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It's no secret that I generally don't pay attention to the news. There are a number of reasons for this but I won't go into them. However, it has come to my attention via Facebook that some unknown-to-me sportsman (presumably a football player based on the pictures - an area I have no interest in) has come out as gay. I have absolutely no issue with this, each to their own and all that, but what I do have an issue with are the huge numbers of people who are saying that this shouldn't be a news story and the ones who are arguing against these people saying that it should.

My thought on this is that it shouldn't be news because it SHOULDN'T HAVE TO BE.

I have been told that my opinion is idealistic and that I should be more realistic about how our society really works with the implication that by seeing this in the news and thus celebrating it, it makes it easier for other people. It makes it easier for society to cope with it. It makes things easier. They tell me that for LGBT this is quite a step forward because every single person makes a difference and it helps other people. They tell me that it is helping to change the way society sees people because certain professions are 'innately homophobic' so someone coming out in that profession is a good thing.

I pondered this term and wondered how they came up with it. How is it that professions can be innately homophobic? No child is born with innate knowledge to hate; it is learnt. They have been taught by people who do not understand. They learn to see people differently because they have been taught to.

So what is it that has made you see people differently?

Is it someone telling you they're gay?
Is it someone telling you they're straight?
Is is someone telling you they've just lost a parent?
Is it someone telling you they've been struggling with eating disorders?
Is is someone telling you they've got a mental illness?
Is it someone telling you they were raped?
Is it someone telling you they were the rapist?

In reality it doesn't matter what it was, what matters is what you do once you know. Do you judge them? Do you shun them? Do you laugh at them? Do you thank them? Do you treat them exactly the same?

It surprised me to see people talking about how long it would take for society to accept that some sports people are gay when what they really should have been focusing on wasn't the profession but just the statement 'I wonder how long it will take for society to accept that some people are gay.'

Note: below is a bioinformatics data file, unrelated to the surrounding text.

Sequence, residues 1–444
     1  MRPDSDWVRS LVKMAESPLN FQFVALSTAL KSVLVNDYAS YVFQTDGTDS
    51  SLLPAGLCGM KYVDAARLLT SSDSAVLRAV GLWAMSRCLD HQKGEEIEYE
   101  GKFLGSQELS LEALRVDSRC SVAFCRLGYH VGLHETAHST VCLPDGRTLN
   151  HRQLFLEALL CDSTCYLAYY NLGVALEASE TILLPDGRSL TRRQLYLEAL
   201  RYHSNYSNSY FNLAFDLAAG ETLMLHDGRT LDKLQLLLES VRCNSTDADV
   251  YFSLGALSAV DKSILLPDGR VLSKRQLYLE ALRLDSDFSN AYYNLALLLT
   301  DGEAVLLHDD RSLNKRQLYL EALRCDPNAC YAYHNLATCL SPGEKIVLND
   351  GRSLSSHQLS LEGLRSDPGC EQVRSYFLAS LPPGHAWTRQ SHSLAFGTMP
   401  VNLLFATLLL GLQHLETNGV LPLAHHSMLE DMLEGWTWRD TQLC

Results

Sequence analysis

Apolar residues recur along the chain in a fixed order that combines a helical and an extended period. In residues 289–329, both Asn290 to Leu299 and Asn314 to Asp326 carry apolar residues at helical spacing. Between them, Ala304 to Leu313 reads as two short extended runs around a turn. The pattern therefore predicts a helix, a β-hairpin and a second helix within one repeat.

Lots of people tell me that it's society that has to change. They expect the world to suddenly change overnight so it becomes accepting of other peoples differences. Yet, society is made up of individuals. You, me, the guy from down the street, the lady you see in the supermarket, the small child you just gave the ball back to. All of us have a voice. All of us have an opinion. All of us can choose to use our voice and our opinion to do something good. None of us have to wait for someone else to do it first.

You have a voice and you can choose. What is it that has made you see people differently?

I was seen differently when I told people that I had been sexually assaulted. To this day I don't know how it wasn't rape, it was so close to being it. There are, were, still a lot of people who didn't know and that was my choice. It was my issue that I was dealing with. Am dealing with. I've seen so many things lately about cases from the Seventies and wonder how the people involved were able to keep quiet but then come forward 40 years later to talk about it. It never goes away. It gets easier, yes, but it never goes away. This year, for the first year, I didn't remember. That sounds like a strange thing to say but let me explain. Usually, around the anniversary of the incident, I get particularly distressed or nervous and can find it difficult to sit and listen to things that are vaguely similar or have elements of similarity to them. This was the first time it passed me by without that.

I've changed a lot in my life in many ways. I've had a decent amount of therapy and I'm getting things back on track (or, if you didn't know, I've been hiding it pretty well overall). One thing that will never leave me though is the fact that I wasn't believed. I had to prove to others that this had actually happened to me. The company in question didn't believe me even after I'd had two lots of police in the house and had identified the assailant. They allowed him to keep working and even sent me gifts to 'soften the blow'. I ended up going to court as a witness and the victim to prove that I hadn't been making it up.

Yet, I am still the same person. Yes, something happened to me but I am still the same person.
All those people I mentioned above are still the same people. You may see them differently but they are still the same people. The only one I would say any different about is the rapist but, as you can expect, I have my own views on this and I don't wish to air them here or now for a number of reasons.

Have a look at the people in your life. How do you see them? Think about how you'd see them if they admitted anything to you. Would you see them differently? Would you treat them differently?

Be the change you wish to see in the world.

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